Stein Building







For more than 30 years after the turn of the century, the Stein Brothers Store provided quality merchandise from all over the world to south central Nebraska shoppers. Stein's buyers made regular trips to Europe purchasing goods, like Belgian lace and Bohemian crystal, directly from manufacturers.  Old-timers who knew the store say that neither before nor since has any single store in Hastings provided the quality, volume, and variety of goods that the Stein store supplied. 

The Steins-Herman and Edmund-were among the first advertisers in local newspapers to list goods in stock and state their prices. They were also known for their elaborate Christmas window displays.

Located at 620 West Second Street, the Stein building is easily identifiable by the unique lions' heads on the brick facade. It was built in 1906 by former Nebraska Governor and U.S. Senator Charles Dietrich after fire destroyed an earlier Stein's Store at the same site. In 1925 the Steins purchased the building from the Dietrich estate.

Stein's closed on November 17, 1933, in the midst of the Great Depression.  Montgomery Ward's occupied the building from 1934 to 1968 .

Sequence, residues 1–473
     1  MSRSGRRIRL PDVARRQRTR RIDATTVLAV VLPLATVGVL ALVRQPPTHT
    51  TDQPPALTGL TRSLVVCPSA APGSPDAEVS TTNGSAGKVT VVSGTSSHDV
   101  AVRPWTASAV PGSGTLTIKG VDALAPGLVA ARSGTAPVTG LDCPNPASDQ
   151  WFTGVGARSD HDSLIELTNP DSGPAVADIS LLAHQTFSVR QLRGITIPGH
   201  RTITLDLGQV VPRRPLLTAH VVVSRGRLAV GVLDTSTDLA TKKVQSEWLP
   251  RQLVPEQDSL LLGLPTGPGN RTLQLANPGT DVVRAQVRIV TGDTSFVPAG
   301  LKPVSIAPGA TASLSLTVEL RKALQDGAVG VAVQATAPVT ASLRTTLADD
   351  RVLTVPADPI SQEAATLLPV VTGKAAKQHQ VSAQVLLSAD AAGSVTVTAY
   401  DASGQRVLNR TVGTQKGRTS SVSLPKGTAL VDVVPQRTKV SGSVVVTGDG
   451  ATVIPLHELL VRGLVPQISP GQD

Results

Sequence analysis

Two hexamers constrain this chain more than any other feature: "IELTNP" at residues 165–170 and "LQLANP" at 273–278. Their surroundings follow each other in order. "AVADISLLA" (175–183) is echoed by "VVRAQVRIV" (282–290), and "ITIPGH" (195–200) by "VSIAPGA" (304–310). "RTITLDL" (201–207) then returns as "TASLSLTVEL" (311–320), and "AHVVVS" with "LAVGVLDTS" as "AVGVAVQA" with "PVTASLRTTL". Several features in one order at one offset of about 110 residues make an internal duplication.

The building is a two-story structure whose mottled brick facade fronts the north side of West Second Street for 110 feet.  Exterior alterations to the 1906 building have been limited to the side walk level.  Four identical stone lion heads are between floors in the building's center.  Originally these elements served as chain supports for a flat entrance hood.  The second level contains ten transomed windows.  Alternating between these openings are broad pilasters of brick embellished with stone cartouches and narrower stone pilasters adorned with lion heads.  The brick parapet contains a band of terra-cotta rosettes with decorative brick corbelling below.  The building's  proportions are low, and there is a strong horizontal emphasis.  

The Stein building was appointed to the National Register of Historic Places in 1978 as an outstanding example of Prairie-style commercial architecture.